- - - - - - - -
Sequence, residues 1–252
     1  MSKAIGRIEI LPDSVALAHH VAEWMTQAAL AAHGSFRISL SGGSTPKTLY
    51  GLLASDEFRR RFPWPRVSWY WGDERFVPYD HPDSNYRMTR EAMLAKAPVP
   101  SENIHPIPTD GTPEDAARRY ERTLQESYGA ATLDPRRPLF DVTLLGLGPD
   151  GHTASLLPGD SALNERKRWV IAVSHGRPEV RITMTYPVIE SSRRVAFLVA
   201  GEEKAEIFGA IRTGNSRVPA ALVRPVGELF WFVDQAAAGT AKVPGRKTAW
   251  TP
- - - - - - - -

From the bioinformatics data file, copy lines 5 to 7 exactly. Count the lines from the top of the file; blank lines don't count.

   151  GHTASLLPGD SALNERKRWV IAVSHGRPEV RITMTYPVIE SSRRVAFLVA
   201  GEEKAEIFGA IRTGNSRVPA ALVRPVGELF WFVDQAAAGT AKVPGRKTAW
   251  TP